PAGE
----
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October marks the beginning of the 31st annual celebration of Black History Month (BHM) in the United Kingdom. A time dedicated to recognising and celebrating the importance of African, Asian and Caribbean heritage, and to promote a greater understanding of the UK’s diverse culture, participation and experience throughout history.
The month was created by Akyaaba Addai-Sebo in 1987, a civil servant just like you and me, who worked at the Greater London Council in special projects. Akyaaba was stirred up in the mid-1980s by the identity crisis that a large majority of Black children faced.
Ever since I can remember during Black History Month we usually discuss the lives of Dr Martin Luther King, Rosa Parks, Nelson Mandela and other famous Black icons. This October is set to remind both BAME (Black Asian Minority Ethnic) and wider communities of the important roles Black people have taken in creating the social, legal, and political worlds we live in today.
The FAME Network encourages everyone to use this opportunity, through gathering colleagues at team meetings and over lunch, to explore and raise awareness of the contributions Black people have made and are making in their local communities, countries and the world at large.
When I was at school, Black History Month was the one and only time I got to learn about history that I felt was remotely relevant to me. While history lessons were Eurocentric, BHM was a time when I could explore my heritage in an open and welcoming space.
I was fascinated by some of the things I learned:
Olaudah Equiano (c.1745-1797) was a former slave who went on to become a radical reformer and best-selling author and became the first Black person to explore the Arctic when he sailed on the same ship as Horatio Nelson. In 1786 Equiano also became the first Black person ever to be employed by the British government, when he was made Commissary of Provisions and Stores for the 350 impoverished Black people who had decided to take up the government’s offer of an assisted passage to Sierra Leone.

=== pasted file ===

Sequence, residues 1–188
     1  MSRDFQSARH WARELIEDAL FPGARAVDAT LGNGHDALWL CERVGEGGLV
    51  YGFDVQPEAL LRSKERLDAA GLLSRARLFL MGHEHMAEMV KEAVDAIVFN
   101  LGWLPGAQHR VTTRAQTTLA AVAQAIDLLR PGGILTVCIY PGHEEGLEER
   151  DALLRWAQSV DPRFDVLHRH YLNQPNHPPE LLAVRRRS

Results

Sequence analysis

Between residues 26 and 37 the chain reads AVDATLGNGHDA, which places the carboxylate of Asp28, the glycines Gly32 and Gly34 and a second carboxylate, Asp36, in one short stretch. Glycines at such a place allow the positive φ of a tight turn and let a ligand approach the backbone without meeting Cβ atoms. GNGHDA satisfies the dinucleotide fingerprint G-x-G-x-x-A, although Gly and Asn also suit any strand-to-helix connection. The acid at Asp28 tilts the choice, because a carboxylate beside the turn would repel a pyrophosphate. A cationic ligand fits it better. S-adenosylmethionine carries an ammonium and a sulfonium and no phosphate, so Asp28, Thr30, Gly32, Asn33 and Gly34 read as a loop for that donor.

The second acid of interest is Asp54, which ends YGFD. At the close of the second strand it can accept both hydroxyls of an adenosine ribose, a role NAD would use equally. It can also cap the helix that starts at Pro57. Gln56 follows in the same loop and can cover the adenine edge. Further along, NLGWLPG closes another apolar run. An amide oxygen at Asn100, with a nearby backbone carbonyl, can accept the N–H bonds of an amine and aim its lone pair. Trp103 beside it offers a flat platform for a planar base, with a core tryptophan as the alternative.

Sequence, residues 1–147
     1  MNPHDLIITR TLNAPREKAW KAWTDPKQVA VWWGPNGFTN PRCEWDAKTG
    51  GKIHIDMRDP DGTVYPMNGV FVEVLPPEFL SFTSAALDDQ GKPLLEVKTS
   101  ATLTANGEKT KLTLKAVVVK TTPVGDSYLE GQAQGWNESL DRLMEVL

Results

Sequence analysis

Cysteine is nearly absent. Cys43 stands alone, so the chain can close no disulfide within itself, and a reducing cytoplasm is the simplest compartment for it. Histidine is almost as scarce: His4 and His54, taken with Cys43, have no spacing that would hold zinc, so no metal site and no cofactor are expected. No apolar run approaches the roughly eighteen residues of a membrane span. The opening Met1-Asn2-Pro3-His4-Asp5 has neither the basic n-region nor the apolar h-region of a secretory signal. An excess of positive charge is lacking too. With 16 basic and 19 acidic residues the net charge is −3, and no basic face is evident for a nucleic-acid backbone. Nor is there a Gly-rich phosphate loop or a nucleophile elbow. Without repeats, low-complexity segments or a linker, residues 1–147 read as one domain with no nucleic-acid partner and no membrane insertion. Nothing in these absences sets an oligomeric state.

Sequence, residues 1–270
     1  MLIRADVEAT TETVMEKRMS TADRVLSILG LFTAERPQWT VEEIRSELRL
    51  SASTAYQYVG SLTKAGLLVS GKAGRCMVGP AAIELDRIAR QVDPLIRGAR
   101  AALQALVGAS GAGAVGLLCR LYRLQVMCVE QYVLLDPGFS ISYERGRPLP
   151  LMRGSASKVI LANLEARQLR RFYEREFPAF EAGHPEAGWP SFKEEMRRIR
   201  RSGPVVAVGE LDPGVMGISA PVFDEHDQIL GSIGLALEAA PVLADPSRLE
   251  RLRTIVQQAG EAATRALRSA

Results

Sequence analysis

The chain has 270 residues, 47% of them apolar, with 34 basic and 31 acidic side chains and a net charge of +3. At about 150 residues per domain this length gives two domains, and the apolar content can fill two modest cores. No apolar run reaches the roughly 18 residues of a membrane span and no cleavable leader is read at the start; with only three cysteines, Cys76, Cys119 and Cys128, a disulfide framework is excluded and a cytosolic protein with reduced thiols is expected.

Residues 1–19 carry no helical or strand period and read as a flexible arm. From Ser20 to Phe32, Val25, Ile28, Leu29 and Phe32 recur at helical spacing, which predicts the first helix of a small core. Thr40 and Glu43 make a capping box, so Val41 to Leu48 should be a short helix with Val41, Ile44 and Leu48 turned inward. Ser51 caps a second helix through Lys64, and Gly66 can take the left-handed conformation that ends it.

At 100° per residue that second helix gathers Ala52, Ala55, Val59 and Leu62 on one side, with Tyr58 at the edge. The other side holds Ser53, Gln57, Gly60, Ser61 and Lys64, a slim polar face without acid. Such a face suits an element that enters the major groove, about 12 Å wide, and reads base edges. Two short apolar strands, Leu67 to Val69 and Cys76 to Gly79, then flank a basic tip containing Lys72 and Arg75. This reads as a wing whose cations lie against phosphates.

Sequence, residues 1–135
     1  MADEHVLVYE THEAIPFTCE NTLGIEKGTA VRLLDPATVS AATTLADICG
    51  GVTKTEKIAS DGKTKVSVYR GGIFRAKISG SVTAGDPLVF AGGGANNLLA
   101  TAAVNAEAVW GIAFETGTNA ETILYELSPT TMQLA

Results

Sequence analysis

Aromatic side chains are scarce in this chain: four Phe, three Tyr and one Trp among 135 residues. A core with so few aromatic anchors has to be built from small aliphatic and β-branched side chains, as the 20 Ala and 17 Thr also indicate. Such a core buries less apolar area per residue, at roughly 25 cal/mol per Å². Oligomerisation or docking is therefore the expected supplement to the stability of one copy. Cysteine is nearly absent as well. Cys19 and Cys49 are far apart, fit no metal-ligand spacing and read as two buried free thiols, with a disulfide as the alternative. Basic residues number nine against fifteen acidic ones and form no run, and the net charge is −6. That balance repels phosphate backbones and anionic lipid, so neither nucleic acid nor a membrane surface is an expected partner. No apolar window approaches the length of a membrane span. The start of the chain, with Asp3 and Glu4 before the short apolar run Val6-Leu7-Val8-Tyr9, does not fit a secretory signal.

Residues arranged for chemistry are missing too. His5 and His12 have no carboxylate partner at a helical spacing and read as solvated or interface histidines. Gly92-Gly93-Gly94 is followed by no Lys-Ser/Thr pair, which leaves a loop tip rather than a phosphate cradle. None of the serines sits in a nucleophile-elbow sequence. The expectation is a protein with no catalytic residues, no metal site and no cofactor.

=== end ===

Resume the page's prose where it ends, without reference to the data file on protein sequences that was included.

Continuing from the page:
The phenomenal action of Black pioneers today will become future history. Take Black Panther – this year’s biggest grossing movie and the first film to get a general release in Saudi Arabia in 35 years. The artist Akon lighting Africa via solar panels and now employing over 5,000 people in 14 African countries. Or Sharon White the Chief Executive of Ofcom, the first black person, and the second woman, to become the permanent secretary at the Treasury.
Why is it still important today?
What has been done to change the narrative?
How are we celebrating Black History Month?
On 2nd October at BEIS we are launching the Civil Service Black History Month celebrations. Our main event – a keynote speech from Trevor Phillips (former television broadcaster/ex Head of the Equal Opportunities Commission) on Race in Britain Today.
We will also include a panel discussion on the lack of success in the Civil Service Fast Steam recruitment of Windrush descendants, with an update from Vicky Elliot and Roxanne Ohene, Deputy Directors of the Ethnic Diversity Programme from the Cabinet Office.
Other key note speakers will include Alex Chisholm – BEIS Permanent secretary, Richard Heaton – MoJ Permanent secretary and Civil Service Race Champion and Jaee Samant – DG, Market Frameworks.
Lunch will be provided on the day with compliments of the Cabinet Office, the main sponsor of the event. The event is open to all staff.
As part of the FAME Network Book Club we will be reading ‘Why I’m No Longer Talking to White People About Race’ (The Sunday Times Bestseller) by Reni Eddo-Lodge so feel free to join from home!
Written by Godfrey Atuahene Junior, Policy Advisor
Department for Business, Energy and Industrial Strategy